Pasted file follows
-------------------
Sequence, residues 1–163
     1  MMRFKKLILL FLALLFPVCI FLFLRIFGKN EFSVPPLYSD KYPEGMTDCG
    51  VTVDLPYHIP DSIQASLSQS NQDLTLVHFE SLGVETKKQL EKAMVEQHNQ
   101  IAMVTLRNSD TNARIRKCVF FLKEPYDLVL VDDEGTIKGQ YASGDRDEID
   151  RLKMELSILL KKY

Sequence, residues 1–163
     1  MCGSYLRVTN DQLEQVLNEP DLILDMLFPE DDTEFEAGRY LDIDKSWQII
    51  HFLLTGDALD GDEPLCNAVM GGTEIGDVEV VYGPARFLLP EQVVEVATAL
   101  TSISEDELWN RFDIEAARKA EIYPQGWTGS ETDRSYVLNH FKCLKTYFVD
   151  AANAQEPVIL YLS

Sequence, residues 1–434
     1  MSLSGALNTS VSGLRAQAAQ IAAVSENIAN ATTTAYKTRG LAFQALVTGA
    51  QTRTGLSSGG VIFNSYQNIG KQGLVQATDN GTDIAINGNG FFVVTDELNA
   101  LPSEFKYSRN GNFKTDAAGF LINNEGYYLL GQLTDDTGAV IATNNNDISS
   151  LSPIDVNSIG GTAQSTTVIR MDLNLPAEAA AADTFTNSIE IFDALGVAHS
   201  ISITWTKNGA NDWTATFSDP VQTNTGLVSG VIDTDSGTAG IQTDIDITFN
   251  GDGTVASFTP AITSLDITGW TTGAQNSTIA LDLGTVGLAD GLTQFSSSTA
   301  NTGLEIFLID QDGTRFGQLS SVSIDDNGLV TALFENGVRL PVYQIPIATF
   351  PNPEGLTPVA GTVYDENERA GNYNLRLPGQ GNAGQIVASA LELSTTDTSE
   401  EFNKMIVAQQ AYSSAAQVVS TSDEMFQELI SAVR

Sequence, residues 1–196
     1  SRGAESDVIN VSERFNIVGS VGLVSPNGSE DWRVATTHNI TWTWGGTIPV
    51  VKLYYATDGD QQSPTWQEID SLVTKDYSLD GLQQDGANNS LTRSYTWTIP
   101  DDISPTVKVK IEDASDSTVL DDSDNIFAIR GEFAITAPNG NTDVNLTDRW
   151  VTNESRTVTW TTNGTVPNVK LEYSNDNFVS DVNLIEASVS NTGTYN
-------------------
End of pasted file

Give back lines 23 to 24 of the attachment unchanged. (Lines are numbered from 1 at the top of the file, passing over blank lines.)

    51  VKLYYATDGD QQSPTWQEID SLVTKDYSLD GLQQDGANNS LTRSYTWTIP
   101  DDISPTVKVK IEDASDSTVL DDSDNIFAIR GEFAITAPNG NTDVNLTDRW